Saturday’s meeting with Johnson is invariably the biggest fight of Benavidez’s career. Though he went five rounds with Cruz for the WEC bantamweight title in the main event of WEC 50, this time it’s a UFC title at stake, as well as a permanent place in the organization’s history. While the magnitude of the moment is certainly not lost on him, Benavidez instead views his UFC 152 championship co-main event match with Johnson as an opportunity to achieve one of the goals he set out for himself at the start of his career.
“It’s another fight, and I have to think like that. I can’t let the pressure get to me as much as I let it inspire me. I don’t try to look at it like I’m making history and let that freak me out as much as I let it inspire me and remind me why I’m doing this. When I got into this sport, I wanted the limelight, the main event, and the world title. That’s everyone’s goal in this sport; everyone wants the main event, the recognition, the world title, and now I feel like this isn’t pressure – this is where I’m supposed to be. This was my plan, this is what I’ve worked for, and this is what I deserve.
“I look at it as I set a goal, this is what I wanted, and now it’s happening,” continues Benavidez, his speech quickening, reflecting the excitement and energy thinking about this weekend’s bout sends coursing through him. “The journey (from Las Cruces, New Mexico) just makes it that much sweeter. It’s been a rough road, and it’s been hard work, but that makes it even sweeter. I just think of everyone who has helped me along the way, and supported me throughout life and my career, and think this is for them. This makes my family happy. This makes the people that support me happy. This is what I planned for, and this is why I did everything I did. This is why I go to the gym at seven in the morning and leave at seven at night. This is why I go that extra round. This is why I didn’t go out that one night. This is why I’ve made all those sacrifices.”
This is also an opportunity for Benavidez to bring UFC gold home to Team Alpha Male, and the possibility of succeeding where his teammates came up short earlier in the year only serves as further motivation. Having answered questions about being overshadowed by teammates like Mendes and Faber throughout his career, Benavidez wants to make it perfectly clear that this isn’t about trumping his teammates’ accomplishments or emerging from their shadow – it’s about winning for the team, and establishing himself as one of the elite talents in the sport.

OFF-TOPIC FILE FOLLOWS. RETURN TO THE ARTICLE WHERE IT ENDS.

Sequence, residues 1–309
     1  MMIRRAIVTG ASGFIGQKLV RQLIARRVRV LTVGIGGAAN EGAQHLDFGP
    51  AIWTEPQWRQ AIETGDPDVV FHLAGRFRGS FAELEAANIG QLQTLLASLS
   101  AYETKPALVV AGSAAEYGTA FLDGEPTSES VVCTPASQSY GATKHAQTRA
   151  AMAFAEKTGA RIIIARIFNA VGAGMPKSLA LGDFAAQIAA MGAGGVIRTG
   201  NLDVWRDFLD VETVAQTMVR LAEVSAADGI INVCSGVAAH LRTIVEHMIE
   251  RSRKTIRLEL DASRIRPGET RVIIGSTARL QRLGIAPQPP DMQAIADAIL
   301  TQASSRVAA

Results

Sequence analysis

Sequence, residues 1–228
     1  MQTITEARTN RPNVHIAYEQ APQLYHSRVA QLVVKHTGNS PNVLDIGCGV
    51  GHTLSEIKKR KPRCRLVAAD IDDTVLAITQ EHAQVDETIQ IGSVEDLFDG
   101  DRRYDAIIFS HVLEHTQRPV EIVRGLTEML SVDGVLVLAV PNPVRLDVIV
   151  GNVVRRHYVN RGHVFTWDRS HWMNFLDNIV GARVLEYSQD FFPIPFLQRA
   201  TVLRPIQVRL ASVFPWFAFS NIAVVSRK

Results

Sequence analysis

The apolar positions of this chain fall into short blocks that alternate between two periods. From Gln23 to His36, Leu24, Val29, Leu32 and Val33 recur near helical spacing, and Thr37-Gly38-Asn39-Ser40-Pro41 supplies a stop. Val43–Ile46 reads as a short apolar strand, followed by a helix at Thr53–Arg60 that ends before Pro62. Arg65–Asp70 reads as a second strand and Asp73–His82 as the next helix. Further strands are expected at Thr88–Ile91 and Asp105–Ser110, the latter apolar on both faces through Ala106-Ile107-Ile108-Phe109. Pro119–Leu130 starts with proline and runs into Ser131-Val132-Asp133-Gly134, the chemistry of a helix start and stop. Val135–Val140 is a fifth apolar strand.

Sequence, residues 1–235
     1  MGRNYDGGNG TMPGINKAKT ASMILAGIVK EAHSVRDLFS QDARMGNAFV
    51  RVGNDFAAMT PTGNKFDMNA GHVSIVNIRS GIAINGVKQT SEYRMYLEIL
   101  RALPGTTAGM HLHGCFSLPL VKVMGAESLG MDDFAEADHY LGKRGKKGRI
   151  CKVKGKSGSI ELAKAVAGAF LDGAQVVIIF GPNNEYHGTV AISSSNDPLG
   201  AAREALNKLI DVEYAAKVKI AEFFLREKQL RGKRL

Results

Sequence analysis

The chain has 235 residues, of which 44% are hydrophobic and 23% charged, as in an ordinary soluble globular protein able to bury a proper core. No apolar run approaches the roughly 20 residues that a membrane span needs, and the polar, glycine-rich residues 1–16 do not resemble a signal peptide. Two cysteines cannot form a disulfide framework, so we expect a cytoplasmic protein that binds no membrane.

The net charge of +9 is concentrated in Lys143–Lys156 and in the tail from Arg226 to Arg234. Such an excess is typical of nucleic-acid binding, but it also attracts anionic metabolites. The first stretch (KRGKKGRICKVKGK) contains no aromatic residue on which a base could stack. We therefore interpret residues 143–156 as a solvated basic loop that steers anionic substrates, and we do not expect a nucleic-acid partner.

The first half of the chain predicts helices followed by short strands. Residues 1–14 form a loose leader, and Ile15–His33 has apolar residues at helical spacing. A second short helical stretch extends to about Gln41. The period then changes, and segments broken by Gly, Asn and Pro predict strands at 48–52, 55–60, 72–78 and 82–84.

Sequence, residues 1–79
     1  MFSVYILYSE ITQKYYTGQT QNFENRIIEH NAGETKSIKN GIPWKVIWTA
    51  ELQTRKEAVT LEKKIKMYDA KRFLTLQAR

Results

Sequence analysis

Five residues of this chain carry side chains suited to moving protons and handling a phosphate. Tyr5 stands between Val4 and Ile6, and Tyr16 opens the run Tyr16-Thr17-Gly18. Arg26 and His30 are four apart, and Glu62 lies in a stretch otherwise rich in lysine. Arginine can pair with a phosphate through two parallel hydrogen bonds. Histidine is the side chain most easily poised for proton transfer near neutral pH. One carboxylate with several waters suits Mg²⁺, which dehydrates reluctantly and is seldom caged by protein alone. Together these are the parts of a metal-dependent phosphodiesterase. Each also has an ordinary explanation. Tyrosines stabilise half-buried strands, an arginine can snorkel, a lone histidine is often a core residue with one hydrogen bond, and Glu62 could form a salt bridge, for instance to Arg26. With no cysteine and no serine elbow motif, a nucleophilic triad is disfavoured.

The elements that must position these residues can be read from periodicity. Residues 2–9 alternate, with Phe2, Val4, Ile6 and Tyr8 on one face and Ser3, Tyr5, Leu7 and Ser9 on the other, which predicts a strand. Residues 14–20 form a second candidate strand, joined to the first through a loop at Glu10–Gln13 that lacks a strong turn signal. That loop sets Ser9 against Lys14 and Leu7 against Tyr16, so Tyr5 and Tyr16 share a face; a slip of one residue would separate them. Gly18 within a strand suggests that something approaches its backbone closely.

“It’s not me trying to separate myself from anyone on the team; I want a belt for our team as well, and that’s going to mean a lot to me. We’ve had the two shots (this year), and it’s going to mean a lot for me to be the one to bring it home, and let everyone know that at Team Alpha Male we have a world champion.
“I’m trying to separate myself from every fighter in the world and establish myself as one of the best fighters in the world. There are only a select few who can be UFC champions, and I’m going to be one of them. Chad and Urijah having fought for titles, win or lose, it was motivating for me. Unfortunately they lost, and now I need to do this for us, for the team. I believe all of us here have had or will have our moment in time, and this is just my time.”
Just as he put a Polaroid on his mantle to represent the championship belt that would one day rest there, Benavidez has thought about winning Saturday night. He’s thought about Bruce Buffer announcing him as the first flyweight champion in UFC history while Dana White wraps the title around his waist in the center of the Octagon. In fact, it’s the only thing he thinks about.
“Have I stopped thinking about it is the question,” he laughs, detailing how frequently he plays the scene out in his mind. “I think about it constantly – in training, laying in bed, watching TV, when someone’s talking to me and I’m not listening to them. That’s what I’m thinking about; that’s my life right now. It’s the most important thing in my life right now, and that’s what I’m steadily thinking about.
“I’ve looked at (the Polaroid) every day that I’ve been in the UFC, thinking about taking down that piece of paper and replacing it with a real, shiny belt. That’s something I’ve been visualizing from the beginning, knowing that picture is just there until I get my belt. Just the thought moves me, so I can’t imagine how the dream becoming a reality is going to feel.”